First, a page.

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Customer Reviews

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Most Helpful Customer Reviews

7 of 8 people found the following review helpful By gerryg VINE VOICE on 8 May 2013
Format: Paperback Verified Purchase
I heard Professor Wolf on Radio 4 recently to the effect that once various obvious factors are accounted for, inequality has been largely eliminated and that contrary to received wisdom, Scandinavia provides no shining example. Her views were not well received as I recall. And so I read this and I'm pleased that I did.

In so many ways it's a counterpart to The Intellectual Life of the British Working Classes in that it carefully demonstrates that today, the real sources of inequality are class and opportunity rather than whether one is male or female. Apparently it's as true in other countries as it is in the UK.

She lucidly and elegantly evidences that if one is poor then one is beyond highly likely (~90%) to be working in a stereotypical occupation. For professional occupations, with the exception of engineering, there is no such tendency.

The book does raise other seemingly unintended consequences of choice and opportunity for the professional classes including that they're not reproducing in sufficient quantities.

Two chapter titles worth quoting for controversy value if nothing else:

Goodbye to all that: the fracturing of sisterhood
The return of the servant classes

Whether or not it accords to your world view it's a great read dealing with bigger issues than the need for more women on bank notes.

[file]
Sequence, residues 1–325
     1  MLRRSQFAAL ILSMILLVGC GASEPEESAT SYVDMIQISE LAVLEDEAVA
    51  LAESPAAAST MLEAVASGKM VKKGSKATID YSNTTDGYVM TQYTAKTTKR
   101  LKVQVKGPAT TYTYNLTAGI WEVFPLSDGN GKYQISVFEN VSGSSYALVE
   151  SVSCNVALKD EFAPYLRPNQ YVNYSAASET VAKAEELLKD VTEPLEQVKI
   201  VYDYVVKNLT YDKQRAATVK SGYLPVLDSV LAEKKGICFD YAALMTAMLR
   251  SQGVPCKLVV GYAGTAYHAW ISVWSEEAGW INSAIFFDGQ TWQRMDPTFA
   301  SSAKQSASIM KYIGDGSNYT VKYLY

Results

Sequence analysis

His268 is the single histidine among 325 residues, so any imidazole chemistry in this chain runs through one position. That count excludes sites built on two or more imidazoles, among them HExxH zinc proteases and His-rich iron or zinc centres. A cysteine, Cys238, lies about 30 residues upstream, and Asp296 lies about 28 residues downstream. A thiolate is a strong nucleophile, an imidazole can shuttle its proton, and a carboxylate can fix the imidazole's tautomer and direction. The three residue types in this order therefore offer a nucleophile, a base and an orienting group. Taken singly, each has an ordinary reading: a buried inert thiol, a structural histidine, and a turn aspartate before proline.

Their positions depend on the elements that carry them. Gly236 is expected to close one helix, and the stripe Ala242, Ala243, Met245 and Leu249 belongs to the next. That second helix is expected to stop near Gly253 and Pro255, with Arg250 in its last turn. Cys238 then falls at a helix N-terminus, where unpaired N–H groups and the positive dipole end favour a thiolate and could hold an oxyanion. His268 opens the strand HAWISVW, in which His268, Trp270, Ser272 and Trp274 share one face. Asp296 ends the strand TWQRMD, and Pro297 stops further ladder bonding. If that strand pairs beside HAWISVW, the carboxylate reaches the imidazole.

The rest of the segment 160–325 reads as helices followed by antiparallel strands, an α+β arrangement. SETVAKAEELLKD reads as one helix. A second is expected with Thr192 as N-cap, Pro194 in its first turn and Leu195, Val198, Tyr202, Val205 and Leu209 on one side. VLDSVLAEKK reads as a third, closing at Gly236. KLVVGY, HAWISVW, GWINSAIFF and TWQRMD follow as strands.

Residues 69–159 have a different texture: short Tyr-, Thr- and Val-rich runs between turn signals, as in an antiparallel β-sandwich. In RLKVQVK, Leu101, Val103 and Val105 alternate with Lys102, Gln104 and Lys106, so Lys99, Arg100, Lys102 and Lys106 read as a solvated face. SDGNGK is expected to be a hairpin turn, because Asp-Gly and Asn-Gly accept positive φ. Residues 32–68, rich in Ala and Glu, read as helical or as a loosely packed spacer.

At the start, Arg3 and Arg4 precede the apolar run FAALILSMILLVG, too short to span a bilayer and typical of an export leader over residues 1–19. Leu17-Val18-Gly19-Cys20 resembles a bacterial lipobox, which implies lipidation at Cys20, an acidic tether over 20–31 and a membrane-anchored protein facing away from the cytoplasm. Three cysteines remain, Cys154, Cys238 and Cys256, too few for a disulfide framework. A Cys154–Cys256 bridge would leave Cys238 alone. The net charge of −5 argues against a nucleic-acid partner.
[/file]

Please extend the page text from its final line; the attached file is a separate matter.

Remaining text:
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2 of 2 people found the following review helpful By Miki on 9 Aug. 2013
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This book is a racy read about how education has benefitted some middle class women. It is too smug and self congratulatory and not critical of inequality
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4 of 5 people found the following review helpful By William Jordan on 14 May 2013
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Wolf has an interesting and well argued thesis: the world has changed and for the top quintile of the population men and women lead similar lives. They go to the sane schools do the same jobs, work the same amounts, mate with the people from the same background and invest heavily in a small number of children born relatively late in life. They are also rich enough to hire servants drawn from the other 80 per cent of the population - female servants.

This is backed up with some heavy duty research - there are a lot of notes here - and it is both persuasive and surprising. We think life is not like this, says Wolf - because we read about the super rich for whom life is different again for women: more children younger and a life of administering the family properties. In this area there seems to be some elision in Wolf's thinking. She talks a good deal about family dynasties in politics in India and Pakistan and so and in big business of all kinds including Playboy. This presumably is not top quintile material - but is super rich. And in the historical sections, we hear about charity work, but also about running houses of ill repute and so in. Here too a clearer sense of who did what and why would be welcome.

Nonetheless I would recommend it strongly - not least for its explanation of the scruffy dress of academics. Apparently there's no need for display through clothes when your publications can do the job for you...